Wowza, the steamer basket!
I woke up extremely late this morning since I was formatting and editing this website (ask me about my 3 in the morning coding epiphany if you're nerdy enough to rejoice with me on this one) until the wee hours of the morning. Instead of breakfast, I've got "healthy lunch".
I lived in Tokyo for about a year, and that has heavily influenced my kitchen habits: eating, and utensils etc, in addition to my Asian (Thai-Chinese) upbringing. So this morning, still under the Perricone credo, I scanned my memory for things appropriate to this diet.
I actually cheated yesterday eating Grammie's Macaroni & Cheese from The Chip Shop, and to be fair, I *tried* to eat the protein first. I nosed under the gooey buttery mac 'n cheese to the sausage bits and ate them *with ketchup* which qualifies for that weird thing where the more processed tomatoes are, the healthier it is in fighting cancer. Don't ask me why, I just read the articles.
I still feel like a beginner with cooking. I am known among my friends for being a good cook, but as usual, my method in life is picking the most complicated things to do first, and bumbling around a bit, instead of being a more traditional learner and start out with something simple. Like when I started with knitting lace, hmmm, yes, that was a wee bit confusing, or submitted poems to The New Yorker (rejected! And they only allow you to submit every 6 months).
In any event, this is why I was overawed by the steamer basket this morning!
I eat lightly salted edamame (in pod, in situ, the hairyness is so much more fun), as my veggie/protein supplement as often as I can remember to eat it.
First, I buy frozen edamame from the Japanese Grocery Store Sunrise Mart, you can usually buy them for $1 a bag, and then cook up half a bag (since I am only one small Joy), and depending on how hungry I am, eat most of it, and refrigerate the rest for quick snacks.
You'd be surprised, if you're not from Manhattan, how much Japanese restaurants will charge you for edamame, upwards to $8. Criminy.
I noticed my roommate had steamed her asparagus the other morning in the steamer basket. I had made aspargus-edamame risotto the other day and used the boiling method.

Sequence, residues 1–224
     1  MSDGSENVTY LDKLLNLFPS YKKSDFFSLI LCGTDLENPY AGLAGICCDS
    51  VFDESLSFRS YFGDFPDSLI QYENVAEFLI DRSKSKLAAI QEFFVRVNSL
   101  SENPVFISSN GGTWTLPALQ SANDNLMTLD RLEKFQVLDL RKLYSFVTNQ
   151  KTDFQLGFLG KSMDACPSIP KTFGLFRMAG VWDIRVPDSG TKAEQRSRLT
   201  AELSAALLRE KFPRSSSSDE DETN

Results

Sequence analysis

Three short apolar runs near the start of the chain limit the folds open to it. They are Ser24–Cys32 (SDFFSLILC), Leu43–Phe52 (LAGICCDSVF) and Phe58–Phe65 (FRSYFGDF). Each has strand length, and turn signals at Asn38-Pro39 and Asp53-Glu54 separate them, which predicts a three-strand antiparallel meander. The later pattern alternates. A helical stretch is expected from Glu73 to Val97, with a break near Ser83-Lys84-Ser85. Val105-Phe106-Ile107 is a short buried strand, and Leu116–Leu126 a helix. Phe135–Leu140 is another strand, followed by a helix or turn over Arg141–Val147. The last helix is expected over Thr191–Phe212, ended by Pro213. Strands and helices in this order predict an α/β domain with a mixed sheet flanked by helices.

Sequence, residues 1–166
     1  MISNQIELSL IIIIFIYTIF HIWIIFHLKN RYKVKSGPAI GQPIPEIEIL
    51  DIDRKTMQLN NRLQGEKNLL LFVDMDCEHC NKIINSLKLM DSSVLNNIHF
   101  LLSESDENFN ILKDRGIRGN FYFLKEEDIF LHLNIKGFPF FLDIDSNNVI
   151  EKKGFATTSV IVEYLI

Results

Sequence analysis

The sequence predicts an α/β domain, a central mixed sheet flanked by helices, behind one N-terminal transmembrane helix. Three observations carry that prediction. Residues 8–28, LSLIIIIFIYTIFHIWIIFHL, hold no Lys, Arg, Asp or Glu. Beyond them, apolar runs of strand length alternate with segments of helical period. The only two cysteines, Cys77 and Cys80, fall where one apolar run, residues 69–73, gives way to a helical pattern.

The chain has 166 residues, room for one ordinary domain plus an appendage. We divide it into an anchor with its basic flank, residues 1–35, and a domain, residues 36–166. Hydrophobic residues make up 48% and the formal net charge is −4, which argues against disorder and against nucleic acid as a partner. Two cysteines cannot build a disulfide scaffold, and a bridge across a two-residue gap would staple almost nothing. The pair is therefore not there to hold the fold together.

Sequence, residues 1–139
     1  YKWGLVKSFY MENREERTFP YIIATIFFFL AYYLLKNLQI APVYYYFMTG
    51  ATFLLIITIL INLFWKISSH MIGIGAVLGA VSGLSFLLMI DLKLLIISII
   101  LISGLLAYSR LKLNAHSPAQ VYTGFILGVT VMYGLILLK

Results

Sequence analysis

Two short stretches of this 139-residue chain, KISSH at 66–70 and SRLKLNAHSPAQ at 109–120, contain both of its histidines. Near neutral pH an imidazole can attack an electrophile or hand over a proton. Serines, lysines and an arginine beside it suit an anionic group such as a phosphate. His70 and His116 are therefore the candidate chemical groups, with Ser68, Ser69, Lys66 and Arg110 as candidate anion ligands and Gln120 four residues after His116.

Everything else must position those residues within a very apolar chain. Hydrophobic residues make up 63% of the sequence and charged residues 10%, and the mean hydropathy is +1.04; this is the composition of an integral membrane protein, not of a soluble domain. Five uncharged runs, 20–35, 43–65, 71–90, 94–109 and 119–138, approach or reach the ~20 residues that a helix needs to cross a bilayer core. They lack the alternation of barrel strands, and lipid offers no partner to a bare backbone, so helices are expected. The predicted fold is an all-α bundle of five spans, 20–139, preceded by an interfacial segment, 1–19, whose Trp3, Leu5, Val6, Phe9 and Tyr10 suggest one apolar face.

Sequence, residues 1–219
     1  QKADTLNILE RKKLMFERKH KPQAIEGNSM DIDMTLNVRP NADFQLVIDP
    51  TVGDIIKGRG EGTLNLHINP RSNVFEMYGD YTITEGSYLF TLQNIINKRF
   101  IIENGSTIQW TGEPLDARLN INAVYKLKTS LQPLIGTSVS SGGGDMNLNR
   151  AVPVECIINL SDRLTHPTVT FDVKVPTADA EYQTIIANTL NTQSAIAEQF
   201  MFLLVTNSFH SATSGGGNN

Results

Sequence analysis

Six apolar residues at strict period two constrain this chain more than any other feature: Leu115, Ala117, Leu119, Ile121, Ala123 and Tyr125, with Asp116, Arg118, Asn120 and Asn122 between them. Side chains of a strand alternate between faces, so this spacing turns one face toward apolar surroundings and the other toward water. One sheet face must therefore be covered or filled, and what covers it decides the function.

Asians are big on steaming. We steam rice in rice cookers, steam to finish off cooking dumplings, most of dim sum is steamed in bamboo baskets, tied up in banana leaves. My mom has me steam cook the tops of my eggs (as evidenced by yesterday's posting), you steam sticky rice to make fabulous mango sticky rice. I've heard you can steam veggies atop of rice in your rice cooker. I'm a little suspicious still, but haven't tried it yet.
The traditional way of making edamame is steamed in one of their pretty straw woven baskets which you can buy at my favorite Japanese outlet store, again Samurai on Grand St., cross street Mott.
However, I usually just boil water and then throw in the frozen edamame for 3 minutes, but that's only after the pot has come to boil.
How to Make Edamame - Steamed Fresh Soybeans
This morning I boiled one inch of water, which of course came to boil really quickly, plopped down the steamer basket, which always looks like a fun metal flower blossoming and closing alternately, and put in half a bag of edamame. Then I set the timer for 3 minutes. I also covered the pot for the full steaming effect.
I was completely astonished how quick the whole process was. At three minutes it was still a little too crunchy for my taste. My friend Lynn prefers them that way, but I prefer a little softer than that, so within 1 more minute voila! Edamame strewn with sea salt.
Other efforts at health included a mango lassi. However, mango is on the inflammatory list for Dr. Perricone (sorry!), but organic yogurt is on the plus list. However, there is a lot of sugar in mango lassis, admittedly, but that's why they taste so good. I had a spot of iced jasmine-green tea, and I zapped some shu mai I bought at Sunrise Mart, which have shrimp in them. Perricone highly suggests salmon or crab, shrimp is my mild attempt to get along with his recommendations. Remind me to put up my roasted garlic salmon and goat cheese dumplings with french mustard recipe up eventually.